When you get right down to it, reaching into the very bottom of the barrel of faith, what are you likely to find that in fact determines everything? I mean, is there some absolutely bedrock belief upon which the whole shooting match depends?
There surely is. And — surprise, surprise — it is not Christmas or Easter. In point of fact, in the absence of this single event, neither birth nor resurrection could possibly have happened. Nor would there be anything to celebrate.
Give up? It is the Lord’s Annunciation. A most favored feast, by the way, as it allows for the austerities of Lent to be lifted for a day. And, of course, because it is the catalyzing moment, setting everything on which our salvation depends, happily in motion. The sheer unforeseen, unscheduled enfleshment of God; who, ever so quietly, and without warning, enters the material and human world. First as a zygote, then as an embryo, to be followed finally by a fetus, which is Latin for little one.
The Incarnation of God. It doesn’t get any more amazing that that. And there can scarcely be a greater injustice in the world God chose to visit, pitching his tent in the midst of a totally suspect humanity, than the fact that he would come unto his own people, and that they should refuse to accept him. What could be worse? It was the perfect marriage of God and man, heaven and history. Who would want to untie that knot?
“The absolutely staggering alliance of Logos and Sarx,” is how one of my heroes put it in a wonderful book on which, 40 some years ago, I first cut my theological teeth. A shy little priest from Bavaria, whose Introduction to Christianity so captivated a sitting pope that he, Pope St. Paul VI, made him a bishop on the strength of it. The rest, as they say, is history. And there are those who tell us ideas have no consequences.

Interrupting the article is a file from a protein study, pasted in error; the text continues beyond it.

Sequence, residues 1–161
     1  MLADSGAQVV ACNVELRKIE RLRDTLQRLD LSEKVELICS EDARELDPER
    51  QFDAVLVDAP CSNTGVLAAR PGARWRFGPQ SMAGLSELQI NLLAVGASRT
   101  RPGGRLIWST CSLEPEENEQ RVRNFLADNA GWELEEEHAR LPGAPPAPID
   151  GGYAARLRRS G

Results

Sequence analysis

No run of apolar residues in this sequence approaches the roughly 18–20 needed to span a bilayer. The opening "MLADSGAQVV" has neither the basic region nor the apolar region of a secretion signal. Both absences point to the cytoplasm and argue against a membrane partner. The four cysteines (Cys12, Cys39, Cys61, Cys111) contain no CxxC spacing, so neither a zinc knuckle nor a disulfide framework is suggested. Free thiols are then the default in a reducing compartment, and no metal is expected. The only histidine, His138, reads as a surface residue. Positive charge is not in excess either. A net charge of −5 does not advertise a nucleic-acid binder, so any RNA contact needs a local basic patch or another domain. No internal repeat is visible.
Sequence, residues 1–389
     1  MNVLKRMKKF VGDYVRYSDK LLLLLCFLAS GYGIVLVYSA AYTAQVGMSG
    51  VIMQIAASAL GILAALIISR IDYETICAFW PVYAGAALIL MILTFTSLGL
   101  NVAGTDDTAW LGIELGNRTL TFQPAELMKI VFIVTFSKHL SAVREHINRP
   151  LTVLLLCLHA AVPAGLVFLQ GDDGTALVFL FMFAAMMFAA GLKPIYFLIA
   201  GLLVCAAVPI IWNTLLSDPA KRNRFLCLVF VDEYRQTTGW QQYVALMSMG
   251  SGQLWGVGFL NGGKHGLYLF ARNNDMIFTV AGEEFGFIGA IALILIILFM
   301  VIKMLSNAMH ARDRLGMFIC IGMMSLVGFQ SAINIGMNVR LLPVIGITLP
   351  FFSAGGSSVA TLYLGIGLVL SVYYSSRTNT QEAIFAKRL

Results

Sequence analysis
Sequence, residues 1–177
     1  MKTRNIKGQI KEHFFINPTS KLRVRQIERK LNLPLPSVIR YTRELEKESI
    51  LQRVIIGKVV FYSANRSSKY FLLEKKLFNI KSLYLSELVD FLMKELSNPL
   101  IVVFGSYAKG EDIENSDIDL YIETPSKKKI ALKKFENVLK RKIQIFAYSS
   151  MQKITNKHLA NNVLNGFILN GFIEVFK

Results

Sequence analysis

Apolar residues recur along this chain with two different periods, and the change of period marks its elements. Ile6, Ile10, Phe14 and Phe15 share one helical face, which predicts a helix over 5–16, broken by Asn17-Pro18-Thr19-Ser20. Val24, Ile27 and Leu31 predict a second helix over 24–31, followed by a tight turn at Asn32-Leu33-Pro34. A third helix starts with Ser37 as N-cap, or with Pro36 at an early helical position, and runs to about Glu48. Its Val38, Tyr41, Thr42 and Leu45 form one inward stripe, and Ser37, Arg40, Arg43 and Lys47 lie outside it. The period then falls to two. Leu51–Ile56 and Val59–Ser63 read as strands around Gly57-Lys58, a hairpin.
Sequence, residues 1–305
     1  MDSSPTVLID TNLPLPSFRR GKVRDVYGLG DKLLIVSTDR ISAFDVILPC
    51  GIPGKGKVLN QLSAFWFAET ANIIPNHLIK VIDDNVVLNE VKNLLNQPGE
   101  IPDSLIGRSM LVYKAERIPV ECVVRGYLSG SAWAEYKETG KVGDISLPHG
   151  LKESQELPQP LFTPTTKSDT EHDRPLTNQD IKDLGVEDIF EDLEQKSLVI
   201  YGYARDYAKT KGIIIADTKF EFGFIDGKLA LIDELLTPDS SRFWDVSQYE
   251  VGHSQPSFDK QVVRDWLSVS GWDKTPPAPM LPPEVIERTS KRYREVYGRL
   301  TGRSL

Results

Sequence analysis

How the great poets have loved to rhapsodize about it. Gerard Manley Hopkins, for instance, whose portrait of our Blessed Lady — “Who gave God’s infinity / Dwindled to infancy / Welcome in womb and breast, / Birth, milk and all the rest” — says it all. Or that Elizabethan spellbinder, John Donne, describing Christ’s entry into the world as sheer “Immensity, cloistered in thy dear womb.” And, then, finally, there is this anonymous poem from the 15th century, set down in a series of stunning paradoxes:
A God and yet a man?
A maid and yet a mother?
Wit wonders that wit can
Conceive this or the other.
A God, and can he die?
A dead man, can he live
What wit can well reply?
What reason reason give?
God, truth itself, does teach it;
Man’s wit sinks too far under
By reason’s power to reach it.
Believe and leave to wonder.
It is on this day the wonder of Incarnation that we most fittingly feast upon. And if theology is what happens when faith enters the classroom, then this is what faith is required to understand. God himself falling headlong into the cosmos in order to exist as a man in a world of other men. So, where does it all begin? In a little room in Nazareth, where an angel and a young girl meet to decide the fate of the universe. Shall God make a new beginning for a bent world by actually becoming one of us? It all depends. On the willingness, certainly, of one extraordinary woman (“our tainted nature’s solitary boast,” declared the poet Wordsworth), who will say Yes to God, making room for his divine Son in her womb, whom she had already conceived in her heart.
Yes, something new has come this way,
flinging sadness far, far away.
God has done this, we mustn’t fear.
Rejoice, indeed, for He is here.
Regis Martin, Ph.D., is a professor of theology and a faculty associate with the Veritas Center for Ethics in Public Life at Franciscan University of Steubenville, Ohio.